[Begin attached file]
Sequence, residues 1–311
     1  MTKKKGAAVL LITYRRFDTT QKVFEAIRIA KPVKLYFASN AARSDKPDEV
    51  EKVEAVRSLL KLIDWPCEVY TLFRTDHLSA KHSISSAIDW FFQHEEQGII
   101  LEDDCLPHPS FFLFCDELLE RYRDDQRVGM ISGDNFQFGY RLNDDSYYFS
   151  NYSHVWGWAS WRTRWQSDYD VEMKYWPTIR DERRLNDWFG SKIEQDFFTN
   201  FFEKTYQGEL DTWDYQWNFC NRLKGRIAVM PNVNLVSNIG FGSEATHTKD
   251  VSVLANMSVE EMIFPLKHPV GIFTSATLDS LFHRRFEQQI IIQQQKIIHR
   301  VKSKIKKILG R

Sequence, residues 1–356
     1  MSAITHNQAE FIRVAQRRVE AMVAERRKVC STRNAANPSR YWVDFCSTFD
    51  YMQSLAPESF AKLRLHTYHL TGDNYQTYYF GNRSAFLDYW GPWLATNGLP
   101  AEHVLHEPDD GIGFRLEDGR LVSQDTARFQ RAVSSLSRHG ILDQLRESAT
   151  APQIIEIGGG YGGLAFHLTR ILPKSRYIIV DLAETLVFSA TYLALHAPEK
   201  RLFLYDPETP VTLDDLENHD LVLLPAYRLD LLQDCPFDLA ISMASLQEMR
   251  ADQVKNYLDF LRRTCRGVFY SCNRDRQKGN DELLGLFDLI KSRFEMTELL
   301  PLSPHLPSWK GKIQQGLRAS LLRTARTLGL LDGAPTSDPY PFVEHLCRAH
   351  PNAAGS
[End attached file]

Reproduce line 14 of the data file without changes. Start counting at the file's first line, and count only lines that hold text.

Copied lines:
   201  RLFLYDPETP VTLDDLENHD LVLLPAYRLD LLQDCPFDLA ISMASLQEMR